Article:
A blind girl gets a cornea transplant so that she would be able to see again. However, she got more than what she bargained for when she realised she could even see ghosts. And some of ... See full summary »
Oxide Pang Chun,
Trapped in an isolated gas station by a voracious Splinter parasite that transforms its still living victims into deadly hosts, a young couple and an escaped convict must find a way to work together to survive this primal terror.
A young woman's quest for revenge against the people who kidnapped and tormented her as a child leads her and a friend, who is also a victim of child abuse, on a terrifying journey into a living hell of depravity.
This is the story of Willard Stiles who is a social misfit taking care of his ill and fragile but verbally abusive mother Henrietta in a musty old mansion that is also home to a colony of rats. Willard then finds himself constantly humiliated in front of his co-workers and is eventually fired by his cruel and uncaring boss, Mr. Frank Martin, a vicious man whose professional interest in Willard extends to a personal financial one. Written by
Anthony Pereyra <email@example.com>
Willard's mother tells him she should have given him a better name. The meaning of Willard is "Will Brave", the opposite of Willard's skittish demeanor. The name she tries to give him, Clark (i.e. Clerk) is Willard's occupation at Martin-Stiles. See more »
In the funeral home scene when Joseph Carter first walks in, we see him from the waist down and he is wearing a long blue coat. When we see a full shot of Carter, he is neither wearing or carrying a long blue coat. Mr. Martin, outside, is wearing the coat we originally see. See more »
People who hated this movie went to see it with the preconceived notion that rats would be doing a lot bloodier leg work for Willard. What they got was a movie wherein Crispin Glover kisses his best rattie friend and slowly ambles toward insanity.
Willard has flaws, and plenty of them, but they rarely detract from what is, at heart, a psychological parable and subtle love story. Crispin Glover's performance is one of his most genuinely human and believable, evoking ugly emotions rarely seen in Hollywood, while still retaining a manic kind of dignity.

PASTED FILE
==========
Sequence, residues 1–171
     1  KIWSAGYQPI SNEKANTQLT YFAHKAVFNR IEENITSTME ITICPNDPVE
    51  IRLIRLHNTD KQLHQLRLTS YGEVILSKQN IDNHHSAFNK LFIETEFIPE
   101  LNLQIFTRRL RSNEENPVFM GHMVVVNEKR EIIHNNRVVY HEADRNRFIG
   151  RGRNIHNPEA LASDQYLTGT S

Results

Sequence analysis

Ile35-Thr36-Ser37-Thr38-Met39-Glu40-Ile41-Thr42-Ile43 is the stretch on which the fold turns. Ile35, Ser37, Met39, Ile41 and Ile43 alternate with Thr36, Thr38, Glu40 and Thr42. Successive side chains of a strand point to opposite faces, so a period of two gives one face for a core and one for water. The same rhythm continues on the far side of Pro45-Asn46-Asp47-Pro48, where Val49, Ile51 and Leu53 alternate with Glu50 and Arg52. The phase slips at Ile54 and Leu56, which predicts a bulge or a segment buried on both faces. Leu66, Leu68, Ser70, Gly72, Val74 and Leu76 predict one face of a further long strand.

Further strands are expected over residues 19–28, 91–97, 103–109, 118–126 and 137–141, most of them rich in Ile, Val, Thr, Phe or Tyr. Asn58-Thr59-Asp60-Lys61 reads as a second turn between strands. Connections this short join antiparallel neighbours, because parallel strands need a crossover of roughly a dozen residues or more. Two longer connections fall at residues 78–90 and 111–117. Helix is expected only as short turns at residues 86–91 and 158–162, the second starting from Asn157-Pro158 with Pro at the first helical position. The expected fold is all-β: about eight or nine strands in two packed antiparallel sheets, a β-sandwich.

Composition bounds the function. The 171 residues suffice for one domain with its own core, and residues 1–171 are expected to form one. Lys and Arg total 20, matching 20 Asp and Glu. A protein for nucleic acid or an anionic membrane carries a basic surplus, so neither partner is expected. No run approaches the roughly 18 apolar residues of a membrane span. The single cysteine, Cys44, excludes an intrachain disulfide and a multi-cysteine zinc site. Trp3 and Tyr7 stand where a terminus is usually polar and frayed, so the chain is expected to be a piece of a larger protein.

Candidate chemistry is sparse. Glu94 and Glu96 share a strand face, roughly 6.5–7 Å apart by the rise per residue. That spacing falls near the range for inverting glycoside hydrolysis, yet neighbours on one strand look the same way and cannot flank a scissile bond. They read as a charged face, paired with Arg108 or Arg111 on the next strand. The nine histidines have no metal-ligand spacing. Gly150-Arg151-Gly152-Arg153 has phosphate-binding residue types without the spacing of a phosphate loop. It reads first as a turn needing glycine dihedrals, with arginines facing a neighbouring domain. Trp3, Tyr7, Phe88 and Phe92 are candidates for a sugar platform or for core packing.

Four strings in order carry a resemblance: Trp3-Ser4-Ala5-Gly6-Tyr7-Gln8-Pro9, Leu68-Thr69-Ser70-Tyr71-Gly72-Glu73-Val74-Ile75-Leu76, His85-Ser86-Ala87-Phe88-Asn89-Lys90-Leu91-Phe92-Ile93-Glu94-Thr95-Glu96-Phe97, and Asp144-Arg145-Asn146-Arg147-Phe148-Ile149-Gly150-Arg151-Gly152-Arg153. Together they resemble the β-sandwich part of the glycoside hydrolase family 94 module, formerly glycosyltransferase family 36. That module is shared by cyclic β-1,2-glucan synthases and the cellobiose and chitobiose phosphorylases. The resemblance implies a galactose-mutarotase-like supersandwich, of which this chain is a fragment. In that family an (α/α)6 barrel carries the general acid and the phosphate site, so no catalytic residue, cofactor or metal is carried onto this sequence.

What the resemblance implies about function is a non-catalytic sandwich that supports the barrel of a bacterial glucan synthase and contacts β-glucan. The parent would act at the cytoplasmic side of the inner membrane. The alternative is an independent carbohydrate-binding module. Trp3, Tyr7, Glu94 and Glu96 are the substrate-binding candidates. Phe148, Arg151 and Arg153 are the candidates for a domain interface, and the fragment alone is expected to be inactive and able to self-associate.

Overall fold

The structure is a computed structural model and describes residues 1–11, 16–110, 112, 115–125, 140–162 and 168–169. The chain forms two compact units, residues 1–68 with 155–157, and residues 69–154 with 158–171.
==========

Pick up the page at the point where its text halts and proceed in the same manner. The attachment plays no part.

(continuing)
You can hardly fault New Line for marketing Willard as a horror flick, since that is what would inevitably sell better. But Willard is really more of a movie for people who genuinely like rats, not those who fear them. It's a movie for people who find greater horror in failure and abuse and solitude than buckets of blood and gore. Willard is the kind of movie that aims to make you uncomfortable, but not truly horrified. It uses few of the common elements of the horror movie, including graphic violence, deformity, fear of the unknown, and sudden, unexpected movement or loud noises to propel you from your seat. It is slow moving and subtle, and often uses crude humor to detract from the more creepy moments. It shows itself as a juvenile in those moments, a child who has put on his father's suit and is masquerading as a serious adult. It is much like the character of Willard, in that sense, and the coincidence is almost admirable.
The movie is unquestionably more subtle, evocative, and well-crafted than its predecessor; it is also more faithful to the original novel, Ratman's Notebooks, than the version starring Bruce Davison. It's a dubious honor, some might say.
Willard deserves no prizes, but it is well-made to be what it is... not a horror movie, nor a drama, nor a thriller. It's an intimate little movie about a boy and his rat, and it is all the better for it.
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